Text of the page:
The Importance of Being Earnest

At Mary Moody Northen Theatre, Oscar Wilde's comedy is not only wonderfully expressed but played with remarkable accuracy

Freshly grilled suitor: Barbara Chisholm's Lady Bracknell interrogates her daughter's intended, Mr. Worthing (Jon Richardson).
Freshly grilled suitor: Barbara Chisholm's Lady Bracknell interrogates her daughter's intended, Mr. Worthing (Jon Richardson). (Photo courtesy of Bret Brookshire)

The Importance of Being Earnest

Mary Moody Northen Theatre, 3001 S. Congress, 448-8484
Through April 21
Running time: 2 hr., 10 min.

If the current Mary Moody Northen Theatre production of The Importance of Being Earnest is any indication, Richard Robichaux is a master conductor. Yes, I grant you, this term is typically reserved for those with coattails and batons. But Oscar Wilde's scherzo of a text is molded here with such finesse as to prove Robichaux's consummate musicianship – so much so that I couldn't help but feel as though I were attending an evening at the symphony.

And for good reason. Wilde's late 19th century play frolics through high society with an inherent lyricism. Just as composers use markings to communicate to musicians how to play their notes, Wilde does for his actors – often with a great degree of subtlety and subtext. Robichaux makes the most of every nuance in this fresh production of the classic comedy, and his ensemble – overflowing with extraordinary talent – follows suit. Jon Richardson and Josean Rodriguez (as Jack and Algernon, respectively) bound with youthful energy as they orchestrate their mischievous schemes, and Gwendolen and Cecily – the objects of their desires – are rendered with just the right Victorian overtones by Hannah Marie Fonder and Sophia Franzella. As usual, MMNT has rounded up a smashing handful of Austin theatre's finest as Equity Guest Artists, including Irene White as the mysterious Ms. Prism and Chronicle Arts Editor Robert Faires as her cheery Chasuble. But it is Barbara Chisholm as Lady Bracknell who racks up the most rolling-in-the-aisles points as she drolly and severely delivers some of Wilde's best bits of dialogue.

The design elements of MMNT shows often receive praise, and it's again easy to see why. Ia Ensterä's stark white, highly architectural set is yet another winner in the designer's impressive oeuvre, and the splashes of bright color with which it is adorned throughout serve as a visual analog of the production's freshness. Stephen Pruitt's lighting skillfully brings out the riches in T'Cie Mancuso's exquisite costumes. Similar to an orchestra's wide spectrum of available tone colors, the design work here sparkles and glistens in counterpoint to the melodious quality of the play's direction and execution.

The experience of attending such a well-made production of a well-made play felt all the more fulfilling on Saturday night thanks to the packed house. It's rare to encounter a full house in Austin theatre, and this one included some of the most highly regarded theatre professionals in this market, to boot. It was truly a lively, rousing experience shared communally.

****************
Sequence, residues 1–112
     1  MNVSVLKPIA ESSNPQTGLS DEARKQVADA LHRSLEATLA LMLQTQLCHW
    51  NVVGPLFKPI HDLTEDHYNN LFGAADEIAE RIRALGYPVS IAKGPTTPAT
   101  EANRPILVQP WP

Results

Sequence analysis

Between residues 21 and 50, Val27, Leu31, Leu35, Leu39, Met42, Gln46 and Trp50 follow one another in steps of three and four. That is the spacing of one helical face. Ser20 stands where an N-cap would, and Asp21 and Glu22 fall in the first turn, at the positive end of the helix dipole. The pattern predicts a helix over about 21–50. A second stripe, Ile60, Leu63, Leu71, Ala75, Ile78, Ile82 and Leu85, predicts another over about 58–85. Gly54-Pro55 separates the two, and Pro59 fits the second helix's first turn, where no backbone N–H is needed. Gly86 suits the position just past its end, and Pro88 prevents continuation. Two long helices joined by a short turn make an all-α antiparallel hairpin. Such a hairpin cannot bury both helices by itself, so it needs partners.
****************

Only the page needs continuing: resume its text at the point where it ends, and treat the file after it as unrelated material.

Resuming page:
Of his pianistic rendition near the top of the play, Algernon remarks, "I don't play accurately – anyone can play accurately – but I play with wonderful expression." Not only is this production of Earnest wonderfully expressed, but it is played with a remarkable accuracy not to be missed.

A note to readers: Bold and uncensored, The Austin Chronicle has been Austin’s independent news source for over 40 years, expressing the community’s political and environmental concerns and supporting its active cultural scene. Now more than ever, we need your support to continue supplying Austin with independent, free press. If real news is important to you, please consider making a donation of $5, $10 or whatever you can afford, to help keep our journalism on stands.

Support the Chronicle  

More Austin theatre
Valoneecia Tolbert Geeks Out in <i>Tales of a Blerd Ballerina</i>
Valoneecia Tolbert Geeks Out in Tales of a Blerd Ballerina
The actress looks back at what it was to be young, geeky, and Black

Robert Faires, April 9, 2021

Examining the Sins and Virtues of Hypermasculine Theatre
Examining the Sins and Virtues of Hypermasculine Theatre
When is violence in theatre too much?

Shanon Weaver, Dec. 9, 2016

More Arts Reviews
Review: Broadway in Austin’s <i>My Fair Lady</i>
Review: Broadway in Austin’s My Fair Lady
Still bright, brassy, and enchanting, this production of the sharp-tongued classic musical still needs to fix its modern ending

Richard Whittaker, Dec. 8, 2023

Review: “The Dog Show”
Review: “The Dog Show”
Hiromi Stringer curates a fictitious, dog-obsessed museum in her current solo show

Meher Qazilbash, Dec. 8, 2023

More by Adam Roberts
<i>When the Rain Stops Falling</i>
When the Rain Stops Falling
Strong writing and a robust cast make Different Stages' production stay with you

July 10, 2015

<i>The Sorcerer</i>
The Sorcerer
The Gilbert & Sullivan Society's latest show may be lesser known, but it still prompts plenty of smiles

June 26, 2015


The Importance of Being Earnest, Austin theatre, Mary Moody Northen Theatre, Richard Robichaux, Barbara Chisholm, Irene White, Robert Faires, Ia Enstera, Stephen Pruitt, T'Cie Mancuso, Josean Rodriguez, Jon Richardson, Hannah Marie Fonder, Sophia Franzella

One click gets you all the newsletters listed below

Breaking news, arts coverage, and daily events

Keep up with happenings around town

Kevin Curtin's bimonthly cannabis musings

Austin's queerest news and events

All questions answered (satisfaction not guaranteed)

Information is power. Support the free press, so we can support Austin.   Support the Chronicle